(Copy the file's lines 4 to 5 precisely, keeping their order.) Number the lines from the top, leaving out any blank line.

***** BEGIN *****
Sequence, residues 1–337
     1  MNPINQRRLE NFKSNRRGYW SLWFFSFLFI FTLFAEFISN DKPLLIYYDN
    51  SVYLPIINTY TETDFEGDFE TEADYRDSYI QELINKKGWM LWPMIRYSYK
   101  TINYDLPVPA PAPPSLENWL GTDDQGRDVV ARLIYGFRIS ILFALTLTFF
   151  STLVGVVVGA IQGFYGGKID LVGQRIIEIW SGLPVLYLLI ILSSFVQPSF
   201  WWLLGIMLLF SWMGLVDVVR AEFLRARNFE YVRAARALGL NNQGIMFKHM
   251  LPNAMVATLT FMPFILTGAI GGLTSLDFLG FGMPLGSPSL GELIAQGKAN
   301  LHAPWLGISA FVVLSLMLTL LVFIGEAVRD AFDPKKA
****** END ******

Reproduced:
   101  TINYDLPVPA PAPPSLENWL GTDDQGRDVV ARLIYGFRIS ILFALTLTFF
   151  STLVGVVVGA IQGFYGGKID LVGQRIIEIW SGLPVLYLLI ILSSFVQPSF